I did it. I followed my PhD mentor’s 10-year plan to the letter to build a successful research career. I found, however, amidst the global pandemic, a challenging parenting journey, and competing demands for my time, that I was chronically unhappy with work and burning out. Over the last few months, I’ve taken a lot of steps to examine why, how, and the best way forward. Here are a few tips from a burned out psychologist: 

  1. Advocate for the research you actually care about and want to do. I made the mistake of writing (and getting) a K23 that I really didn’t like out of strategy and pressure from my primary mentor. When writing a grant, pause and ask yourself, “Will I be happy thinking about this project for 3-5 years? Do I believe that this work really truly matters or does it just sound good on paper?”
  1. Expand the voices you’re listening to. There are many different paths one can follow to have a successful career in academic medicine. One person’s path is just that – one person’s path. Through putting myself in different contexts, I found new voices to speak into my career. Broadening my perspective helped me realize that I have options other than striving to become a 3-R01s-at-a-time kind of researcher. Knowing your options is a powerful antidote to burnout. 
  1. Change your perspective and expectations for work. There will almost always be someone doing and achieving more than you. Figure out what works for you.  If you only want to go to 1-2 conferences a year, that is okay. If you have a week where you are absolutely overwhelmed and need to hike in the woods and binge watch Netflix on a weekday, do it without guilt. Research careers are all about the law of averages – don’t wear yourself out trying to keep a pace that isn’t sustainable.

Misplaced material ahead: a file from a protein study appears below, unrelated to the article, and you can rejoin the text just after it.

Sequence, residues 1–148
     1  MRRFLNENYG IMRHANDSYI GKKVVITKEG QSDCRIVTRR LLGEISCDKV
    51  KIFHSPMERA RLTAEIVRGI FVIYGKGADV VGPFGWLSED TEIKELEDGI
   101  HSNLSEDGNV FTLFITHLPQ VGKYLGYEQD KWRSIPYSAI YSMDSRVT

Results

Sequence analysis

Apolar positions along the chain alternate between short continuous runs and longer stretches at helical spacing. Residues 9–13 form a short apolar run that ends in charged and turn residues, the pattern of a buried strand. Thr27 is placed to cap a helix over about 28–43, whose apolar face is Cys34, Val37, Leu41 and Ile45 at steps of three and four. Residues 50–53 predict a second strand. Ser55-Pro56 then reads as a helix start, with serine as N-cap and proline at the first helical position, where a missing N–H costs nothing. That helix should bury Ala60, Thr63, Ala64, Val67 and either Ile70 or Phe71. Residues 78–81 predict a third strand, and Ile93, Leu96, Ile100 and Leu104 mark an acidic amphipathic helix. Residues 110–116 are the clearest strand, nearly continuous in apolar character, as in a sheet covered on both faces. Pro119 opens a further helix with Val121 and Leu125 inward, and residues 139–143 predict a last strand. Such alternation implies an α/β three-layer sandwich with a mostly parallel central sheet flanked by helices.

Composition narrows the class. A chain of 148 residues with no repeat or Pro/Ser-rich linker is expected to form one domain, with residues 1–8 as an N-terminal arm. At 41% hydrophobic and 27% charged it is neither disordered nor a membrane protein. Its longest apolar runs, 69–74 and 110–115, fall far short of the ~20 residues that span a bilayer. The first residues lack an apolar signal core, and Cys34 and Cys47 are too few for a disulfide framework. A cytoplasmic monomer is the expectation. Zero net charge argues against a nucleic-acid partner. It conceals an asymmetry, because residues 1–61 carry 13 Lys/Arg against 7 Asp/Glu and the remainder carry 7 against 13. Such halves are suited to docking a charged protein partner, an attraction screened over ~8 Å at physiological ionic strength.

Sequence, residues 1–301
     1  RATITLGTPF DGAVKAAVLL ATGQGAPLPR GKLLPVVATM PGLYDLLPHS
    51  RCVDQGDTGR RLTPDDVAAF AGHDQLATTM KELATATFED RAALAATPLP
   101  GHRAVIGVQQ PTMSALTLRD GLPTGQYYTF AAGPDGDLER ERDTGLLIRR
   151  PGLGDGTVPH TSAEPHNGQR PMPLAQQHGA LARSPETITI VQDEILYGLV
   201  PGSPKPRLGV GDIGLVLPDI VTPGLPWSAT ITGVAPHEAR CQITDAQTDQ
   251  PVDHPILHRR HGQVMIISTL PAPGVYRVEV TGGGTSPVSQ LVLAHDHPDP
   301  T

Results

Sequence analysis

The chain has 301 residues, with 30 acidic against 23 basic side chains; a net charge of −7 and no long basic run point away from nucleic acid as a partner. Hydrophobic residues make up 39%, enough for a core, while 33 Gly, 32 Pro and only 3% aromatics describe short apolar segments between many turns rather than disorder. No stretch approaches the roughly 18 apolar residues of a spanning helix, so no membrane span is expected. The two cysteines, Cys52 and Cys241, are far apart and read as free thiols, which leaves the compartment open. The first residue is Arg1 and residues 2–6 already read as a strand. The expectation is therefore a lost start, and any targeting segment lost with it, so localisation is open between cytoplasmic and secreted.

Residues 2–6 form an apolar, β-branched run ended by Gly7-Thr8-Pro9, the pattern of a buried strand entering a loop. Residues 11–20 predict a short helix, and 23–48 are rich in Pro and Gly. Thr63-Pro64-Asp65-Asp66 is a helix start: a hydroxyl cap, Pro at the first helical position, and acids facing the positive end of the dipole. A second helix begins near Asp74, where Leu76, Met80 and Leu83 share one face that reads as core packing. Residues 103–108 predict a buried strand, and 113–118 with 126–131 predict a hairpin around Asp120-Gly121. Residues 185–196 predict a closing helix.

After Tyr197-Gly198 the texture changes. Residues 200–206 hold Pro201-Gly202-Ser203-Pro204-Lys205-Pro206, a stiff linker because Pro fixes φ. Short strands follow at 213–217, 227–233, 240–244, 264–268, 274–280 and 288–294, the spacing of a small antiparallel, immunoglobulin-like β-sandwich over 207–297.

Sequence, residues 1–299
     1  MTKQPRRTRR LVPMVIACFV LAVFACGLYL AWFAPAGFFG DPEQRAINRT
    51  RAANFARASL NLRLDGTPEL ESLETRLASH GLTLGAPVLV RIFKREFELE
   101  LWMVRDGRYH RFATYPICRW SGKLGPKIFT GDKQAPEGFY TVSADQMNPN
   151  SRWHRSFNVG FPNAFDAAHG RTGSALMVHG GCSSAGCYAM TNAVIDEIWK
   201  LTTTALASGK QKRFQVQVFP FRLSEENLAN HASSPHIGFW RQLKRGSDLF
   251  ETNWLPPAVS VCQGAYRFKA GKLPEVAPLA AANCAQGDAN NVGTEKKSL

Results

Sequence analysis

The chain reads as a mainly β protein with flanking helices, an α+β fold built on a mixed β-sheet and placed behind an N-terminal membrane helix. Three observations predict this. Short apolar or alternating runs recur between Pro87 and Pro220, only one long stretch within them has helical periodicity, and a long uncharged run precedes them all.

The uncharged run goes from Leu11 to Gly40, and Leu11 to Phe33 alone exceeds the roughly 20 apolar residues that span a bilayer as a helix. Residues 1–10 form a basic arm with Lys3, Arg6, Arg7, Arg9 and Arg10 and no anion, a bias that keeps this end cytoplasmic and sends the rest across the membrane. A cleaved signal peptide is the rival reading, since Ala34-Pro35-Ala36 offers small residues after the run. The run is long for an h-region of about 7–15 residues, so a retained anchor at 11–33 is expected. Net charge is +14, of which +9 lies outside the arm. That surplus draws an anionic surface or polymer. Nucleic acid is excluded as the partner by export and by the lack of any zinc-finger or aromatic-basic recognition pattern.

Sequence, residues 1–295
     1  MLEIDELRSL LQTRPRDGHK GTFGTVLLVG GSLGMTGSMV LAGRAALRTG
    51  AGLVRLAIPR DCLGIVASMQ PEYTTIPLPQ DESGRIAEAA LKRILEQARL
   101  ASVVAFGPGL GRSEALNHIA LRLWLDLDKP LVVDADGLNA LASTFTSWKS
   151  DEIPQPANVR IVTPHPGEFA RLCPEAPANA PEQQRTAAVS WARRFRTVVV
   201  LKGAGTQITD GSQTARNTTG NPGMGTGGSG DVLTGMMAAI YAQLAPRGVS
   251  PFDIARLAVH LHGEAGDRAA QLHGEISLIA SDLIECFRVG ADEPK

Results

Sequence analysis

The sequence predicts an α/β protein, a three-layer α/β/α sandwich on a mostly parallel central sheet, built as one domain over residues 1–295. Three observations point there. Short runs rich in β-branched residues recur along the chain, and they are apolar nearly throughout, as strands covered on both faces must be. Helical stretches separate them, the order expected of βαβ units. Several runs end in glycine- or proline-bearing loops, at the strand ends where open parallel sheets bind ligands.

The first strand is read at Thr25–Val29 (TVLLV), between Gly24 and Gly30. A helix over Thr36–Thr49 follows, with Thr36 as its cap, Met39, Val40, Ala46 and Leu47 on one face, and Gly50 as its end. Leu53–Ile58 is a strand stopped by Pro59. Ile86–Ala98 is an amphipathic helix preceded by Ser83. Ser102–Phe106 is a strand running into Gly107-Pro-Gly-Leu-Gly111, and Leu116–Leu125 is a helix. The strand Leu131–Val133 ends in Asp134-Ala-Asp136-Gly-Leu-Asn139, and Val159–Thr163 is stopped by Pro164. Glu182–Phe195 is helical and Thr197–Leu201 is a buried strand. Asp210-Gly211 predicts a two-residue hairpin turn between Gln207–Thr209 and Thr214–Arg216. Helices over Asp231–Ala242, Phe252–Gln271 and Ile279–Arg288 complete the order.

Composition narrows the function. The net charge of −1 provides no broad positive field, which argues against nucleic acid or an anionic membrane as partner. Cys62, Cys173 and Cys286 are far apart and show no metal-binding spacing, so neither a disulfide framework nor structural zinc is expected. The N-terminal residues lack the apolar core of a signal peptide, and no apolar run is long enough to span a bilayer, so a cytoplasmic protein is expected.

1. Dare to dream. I found that the more I was honest with myself about what I really wanted in my career and said it out loud to people I trust, the less self-judgement I had and the more freedom I experienced to truly dream. Through dreaming out loud, I was approached for some leadership positions that aligned with my values and have helped me envision a new path forward.

Although I would love to say that my burnout problem is fixed and I magically now love my K23 project, that’s not quite the case. However, these steps helped me start to build the foundation for a career that I feel truly hopeful and excited about. It is okay to be in the process.  

More Resources

Acting on the Essential

Celebrating “The Climb”

Read This: Insights on Priorities Including Doing Less

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1 Comment
James West says:

I think the last piece of advice you gave here is critical. There’s lots of ways to be a scientist – teacher, clinician, staff scientist, industry, advocacy, et cetera, in addition to running a big lab. The set of psychological traits and skills that make one good at one, will be bad for another. It’s important to do what will make YOU happy, and make the best use of YOUR talents.I remember a few years back, I was having a conversation with a friend in industry. I told him I couldn’t stand the thought of my project being pulled by higher ups on a moment’s notice. He said he couldn’t stand the thought of being responsible for 20 peoples’ salaries. It’s an issue of what stresses bother you the most.

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